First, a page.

Writing Under the Influence of Europe which was exactly what Fitzgerald found invigorating27. While in Paris, Fitzgerald also began work on Tender is the Night, a novel that would take him almost a decade to complete28. Fitzgerald’s progress on his novel would be seriously impaired by his personal life, which began to escalate in frenzy. At the urging of Gerald and Sarah Murphy, whom the Fitzgeralds had met in Paris, the couple returned to the French Riviera for the summer of 192629. Several bizarre incidents marked the Fitzgeralds’ stay and illustrated the couple’s continuing dissolution. While the couple was visiting St. Paul de Vence, Fitzgerald began flirting with the celebrated dancer Isadora Duncan30. According to Gerald Murphy, “[Duncan] ran her fingers through his hair and called him her centurion,” leading Zelda to subsequently throw herself down a set of stone stairs31. In another incident, Fitzgerald reportedly punched Gerald and began destroying the Venetian stemware at the Murphys’ home32. Combined with increasing quarrels between the couple, the Fitzgerald’s lives gradually disintegrated as they alienated their closest friends. All the while, Fitzgerald was finding it increasingly difficult to make progress on Tender is the Night, and the couple continued to face mounting debts. In late 1926, the Fitzgeralds moved back to the United States, settling in Hollywood, where Scott had obtained a contract with United Artists to write a flapper screenplay for actress Constance Talmadge. In Hollywood, Fitzgerald had a brief affair with Lois Moran, a seventeen-year-old actress, causing Zelda to burn her own clothing in a hotel bathtub and throw her platinum watch out of a train window. The situation worsened when Fitzgerald’s script, entitled “Lipstick,” was rejected, and his stint earned him only $3,50033. In the summer of 1927, the Fitzgeralds returned to Paris so that Zelda could continue to fulfill her rekindled interest in ballet. The previous summer, Zelda had renewed her ballet studies with Russian ballerina Lubov Egorova, and ballet quickly became an obsession34. Aspiring to perform professionally, Zelda practiced ballet several hours a day and was often exhausted and irritable, and her fascination with dancing contributed to her increasing detachment from reality35. Zelda’s peculiar behavior further took a toll on the couple’s relationship when she began to accuse Fitzgerald of having a homosexual relationship with Hemingway36. Combined with her brief love affairs with other men as early as 192037 and most notably in 1924 with French aviator Edouard Jozan, Spring 2009 | Volume 5 | Number 1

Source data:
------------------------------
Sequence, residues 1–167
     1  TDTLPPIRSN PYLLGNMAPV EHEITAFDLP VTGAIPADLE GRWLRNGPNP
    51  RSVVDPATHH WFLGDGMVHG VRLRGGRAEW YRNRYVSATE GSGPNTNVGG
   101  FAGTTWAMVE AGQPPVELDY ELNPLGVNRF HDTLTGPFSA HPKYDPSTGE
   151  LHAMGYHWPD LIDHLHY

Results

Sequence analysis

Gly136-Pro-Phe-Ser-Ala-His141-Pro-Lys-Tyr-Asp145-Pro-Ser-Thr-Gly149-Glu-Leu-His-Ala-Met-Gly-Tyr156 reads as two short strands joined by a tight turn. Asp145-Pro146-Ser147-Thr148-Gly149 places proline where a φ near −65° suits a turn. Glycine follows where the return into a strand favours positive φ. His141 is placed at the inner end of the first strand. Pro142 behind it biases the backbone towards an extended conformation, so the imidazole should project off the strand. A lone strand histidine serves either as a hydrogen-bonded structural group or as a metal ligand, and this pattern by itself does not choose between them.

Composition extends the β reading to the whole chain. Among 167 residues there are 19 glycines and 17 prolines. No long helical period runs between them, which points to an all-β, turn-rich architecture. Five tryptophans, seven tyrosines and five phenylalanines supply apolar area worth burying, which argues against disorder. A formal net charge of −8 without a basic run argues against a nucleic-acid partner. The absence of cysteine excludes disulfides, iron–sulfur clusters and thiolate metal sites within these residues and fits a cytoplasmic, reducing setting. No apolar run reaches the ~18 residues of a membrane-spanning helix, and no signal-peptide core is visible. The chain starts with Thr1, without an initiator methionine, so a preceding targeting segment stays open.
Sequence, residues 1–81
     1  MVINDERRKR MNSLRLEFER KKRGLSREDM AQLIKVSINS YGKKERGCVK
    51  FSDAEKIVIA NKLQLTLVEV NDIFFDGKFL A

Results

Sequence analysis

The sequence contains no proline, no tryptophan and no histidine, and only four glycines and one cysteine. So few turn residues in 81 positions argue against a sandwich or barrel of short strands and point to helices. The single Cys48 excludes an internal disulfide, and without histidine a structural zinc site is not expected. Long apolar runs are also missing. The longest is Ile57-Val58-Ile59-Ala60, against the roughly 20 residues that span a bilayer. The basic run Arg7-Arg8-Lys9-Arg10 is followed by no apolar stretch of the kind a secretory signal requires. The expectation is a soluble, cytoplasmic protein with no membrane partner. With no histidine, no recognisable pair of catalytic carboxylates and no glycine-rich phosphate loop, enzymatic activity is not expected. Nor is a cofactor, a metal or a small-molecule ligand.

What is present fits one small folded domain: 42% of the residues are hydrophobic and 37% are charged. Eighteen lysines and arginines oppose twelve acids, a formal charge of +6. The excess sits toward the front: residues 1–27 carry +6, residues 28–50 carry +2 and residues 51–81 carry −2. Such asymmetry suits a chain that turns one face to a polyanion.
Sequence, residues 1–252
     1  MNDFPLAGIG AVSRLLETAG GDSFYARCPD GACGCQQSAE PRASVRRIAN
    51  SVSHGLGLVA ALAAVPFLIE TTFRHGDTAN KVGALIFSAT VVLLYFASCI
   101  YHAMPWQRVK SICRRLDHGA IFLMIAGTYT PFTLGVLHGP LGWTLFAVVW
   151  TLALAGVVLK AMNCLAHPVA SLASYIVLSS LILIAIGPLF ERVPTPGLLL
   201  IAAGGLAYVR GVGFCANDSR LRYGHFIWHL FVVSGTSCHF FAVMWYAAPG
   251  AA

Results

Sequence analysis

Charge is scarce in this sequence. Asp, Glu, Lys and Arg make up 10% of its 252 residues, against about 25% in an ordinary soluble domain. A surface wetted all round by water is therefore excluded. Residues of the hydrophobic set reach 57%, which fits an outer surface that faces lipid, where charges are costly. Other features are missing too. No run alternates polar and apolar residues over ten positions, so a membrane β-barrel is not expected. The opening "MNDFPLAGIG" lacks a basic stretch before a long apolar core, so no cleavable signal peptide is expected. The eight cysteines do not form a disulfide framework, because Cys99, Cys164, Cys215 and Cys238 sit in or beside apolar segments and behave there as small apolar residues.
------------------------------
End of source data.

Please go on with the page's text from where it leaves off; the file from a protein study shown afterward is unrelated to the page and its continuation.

Zelda’s behavior conveyed her increasing doubts of Scott’s masculinity38. Fitzgerald and Zelda would each seek to characterize Zelda’s affair with Jozan in their novels, Scott in Tender is the Night, and Zelda in Save Me the Waltz. Zelda’s attacks on Scott were conceivably a result of her own sexual insecurity, at least in her psyche. Zelda’s developing schizophrenia was evident in her fear of becoming a lesbian, and by the time the couple returned to Paris in the summer of 1928, Zelda had befriended several lesbians. With Zelda’s gradual detachment from Fitzgerald, Zelda wrote that her ballet instructor had become her “only comfort”39. By 1928, coinciding with his increasing frustration with progress on Tender is the Night, Fitzgerald’s closest friendships in Paris were also in decline, most notably his relationship with Hemingway. Hemingway’s wife, Pauline, complained of Fitzgerald’s excessive drinking40, and Ernest subsequently refused to provide Fitzgerald with his new address41. The two’s relationship hit a low point in the spring of 1929, when Fitzgerald allowed a boxing match between Canadian writer Morley Callaghan and Hemingway to progress for too long, resulting in Hemingway’s injury42. Hemingway soon became one of Fitzgerald’s harshest and most overt critics, contributing to Fitzgerald’s declining reputation in Paris. When Tender is the Night was finally published in 1934, Hemingway openly denounced its autobiographical basis and “lack of thought”43. Almost a decade of work on the novel had yielded no glorious fruit, at least in the eyes of Hemingway. Fitzgerald never achieved the ideal balance between life as a serious writer and that of upperclass drinking and partying. Although the Fitzgeralds had moved from Long Island to escape the bustle of New York City, Scott ended up visiting more Parisian bars than salons and failed to take advantage of the thriving literary community around him. Alcohol, Zelda’s emergent schizophrenia, and marital troubles compounded to delay Fitzgerald’s completion of Tender is the Night. Meanwhile, Fitzgerald was being cast out of the selective literary elite for which he had showed such promise with This Side of Paradise, The Beautiful and the Damned, and The Great Gatsby. When James Joyce met Fitzgerald in 1928 at a dinner with Sylvia Beach, Joyce allegedly noted, “That man [Fitzgerald] must be mad. I’m afraid he’ll do himself some injury”44.